New research shows Ritalin, the widely-used ADHD drug, may be an easy and effective way to wake up patients from general anesthesia
PROBLEM: At the end of a surgical procedure, patients typically regain consciousness on their own as doctors simply let anesthetic drugs wear off. Studies have shown, however, that the state of general anesthesia is a controlled and reversible coma that bears little resemblance to natural sleep. While unconscious, patients are at risk of complications, such as delirium and cognitive dysfunction.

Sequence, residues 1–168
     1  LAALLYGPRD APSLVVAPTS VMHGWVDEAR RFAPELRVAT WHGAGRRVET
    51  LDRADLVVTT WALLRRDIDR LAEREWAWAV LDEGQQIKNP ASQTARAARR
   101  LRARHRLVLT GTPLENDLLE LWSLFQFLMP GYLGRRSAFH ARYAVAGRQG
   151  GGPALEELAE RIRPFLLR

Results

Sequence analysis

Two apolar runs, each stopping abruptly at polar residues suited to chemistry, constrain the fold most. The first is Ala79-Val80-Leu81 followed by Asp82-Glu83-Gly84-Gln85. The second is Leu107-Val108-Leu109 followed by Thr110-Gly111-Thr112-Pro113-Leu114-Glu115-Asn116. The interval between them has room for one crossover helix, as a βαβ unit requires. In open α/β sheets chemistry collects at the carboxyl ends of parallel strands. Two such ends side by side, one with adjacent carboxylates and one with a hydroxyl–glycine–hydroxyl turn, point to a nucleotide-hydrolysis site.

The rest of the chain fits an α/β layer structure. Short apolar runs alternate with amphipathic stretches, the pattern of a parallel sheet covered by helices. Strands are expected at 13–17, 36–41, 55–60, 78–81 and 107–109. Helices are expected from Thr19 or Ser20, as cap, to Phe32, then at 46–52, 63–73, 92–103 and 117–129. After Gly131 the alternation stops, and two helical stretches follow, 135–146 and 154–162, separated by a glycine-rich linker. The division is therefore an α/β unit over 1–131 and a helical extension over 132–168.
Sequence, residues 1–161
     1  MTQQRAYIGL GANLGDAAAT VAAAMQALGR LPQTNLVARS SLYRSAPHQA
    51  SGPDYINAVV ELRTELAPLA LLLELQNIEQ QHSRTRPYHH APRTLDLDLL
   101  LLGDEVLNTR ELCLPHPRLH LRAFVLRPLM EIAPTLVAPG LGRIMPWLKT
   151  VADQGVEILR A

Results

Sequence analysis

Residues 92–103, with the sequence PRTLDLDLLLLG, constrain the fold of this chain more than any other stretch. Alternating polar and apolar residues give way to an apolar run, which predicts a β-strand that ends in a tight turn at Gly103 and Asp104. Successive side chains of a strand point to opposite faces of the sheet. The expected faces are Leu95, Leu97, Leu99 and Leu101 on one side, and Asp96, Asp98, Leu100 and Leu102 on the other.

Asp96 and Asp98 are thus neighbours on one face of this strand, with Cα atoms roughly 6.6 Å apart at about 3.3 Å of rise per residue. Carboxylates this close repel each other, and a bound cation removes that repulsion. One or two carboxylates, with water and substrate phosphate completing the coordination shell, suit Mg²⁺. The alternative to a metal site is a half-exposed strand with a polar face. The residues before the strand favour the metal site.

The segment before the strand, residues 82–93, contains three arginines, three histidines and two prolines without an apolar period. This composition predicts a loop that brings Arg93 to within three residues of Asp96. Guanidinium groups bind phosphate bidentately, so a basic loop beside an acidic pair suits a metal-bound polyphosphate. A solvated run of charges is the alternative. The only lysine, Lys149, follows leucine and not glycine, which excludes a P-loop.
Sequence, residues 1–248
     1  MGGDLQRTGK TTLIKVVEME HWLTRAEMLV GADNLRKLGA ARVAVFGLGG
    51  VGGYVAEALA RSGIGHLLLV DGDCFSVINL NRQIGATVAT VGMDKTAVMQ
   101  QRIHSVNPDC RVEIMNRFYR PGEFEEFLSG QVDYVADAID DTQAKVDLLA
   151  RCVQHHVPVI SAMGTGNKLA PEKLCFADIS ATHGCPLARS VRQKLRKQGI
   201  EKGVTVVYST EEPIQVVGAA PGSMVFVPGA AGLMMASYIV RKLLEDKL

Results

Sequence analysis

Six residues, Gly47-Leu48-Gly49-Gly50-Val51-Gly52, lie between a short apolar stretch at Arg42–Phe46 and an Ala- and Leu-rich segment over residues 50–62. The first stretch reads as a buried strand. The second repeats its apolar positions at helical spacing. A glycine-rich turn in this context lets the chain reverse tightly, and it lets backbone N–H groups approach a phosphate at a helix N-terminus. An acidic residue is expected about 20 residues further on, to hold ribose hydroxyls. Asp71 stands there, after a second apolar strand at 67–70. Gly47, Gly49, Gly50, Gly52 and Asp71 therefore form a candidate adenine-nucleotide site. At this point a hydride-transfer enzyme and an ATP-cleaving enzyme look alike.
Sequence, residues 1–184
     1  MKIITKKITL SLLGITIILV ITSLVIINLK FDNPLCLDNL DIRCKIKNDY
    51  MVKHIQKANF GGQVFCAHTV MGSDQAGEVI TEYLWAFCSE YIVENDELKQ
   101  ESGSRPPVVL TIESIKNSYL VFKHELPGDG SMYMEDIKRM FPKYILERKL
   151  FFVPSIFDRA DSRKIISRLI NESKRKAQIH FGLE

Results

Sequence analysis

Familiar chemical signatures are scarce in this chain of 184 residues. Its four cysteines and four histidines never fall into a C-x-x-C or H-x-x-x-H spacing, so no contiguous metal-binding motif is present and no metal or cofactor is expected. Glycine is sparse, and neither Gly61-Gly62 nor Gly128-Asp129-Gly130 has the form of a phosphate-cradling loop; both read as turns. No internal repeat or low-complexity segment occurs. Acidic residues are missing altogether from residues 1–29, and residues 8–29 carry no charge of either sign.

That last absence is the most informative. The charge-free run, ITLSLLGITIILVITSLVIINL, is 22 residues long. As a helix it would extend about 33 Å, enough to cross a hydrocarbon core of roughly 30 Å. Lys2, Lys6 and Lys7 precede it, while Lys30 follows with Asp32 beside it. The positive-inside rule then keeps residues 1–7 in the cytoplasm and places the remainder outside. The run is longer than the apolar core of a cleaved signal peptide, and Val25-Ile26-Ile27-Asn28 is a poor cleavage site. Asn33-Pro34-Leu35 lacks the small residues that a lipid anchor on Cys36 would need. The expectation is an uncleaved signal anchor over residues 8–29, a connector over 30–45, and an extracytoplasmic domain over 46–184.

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METHODOLOGY: In a series of lab experiments, researchers led by Harvard Medical School professor Ken Solt administered methylphenidate (Ritalin), a drug widely used to treat attention-deficit hyperactivity disorder, or saline to rats that were previously given isoflurane, a general anesthetic.
RESULTS: The animals that received methylphenidate recovered significantly faster than those that received saline. Methylphenidate also induced signs of arousal, such as movement, in animals continuing to receive isoflurane at a dose that would normally have been sufficient to maintain unconsciousness.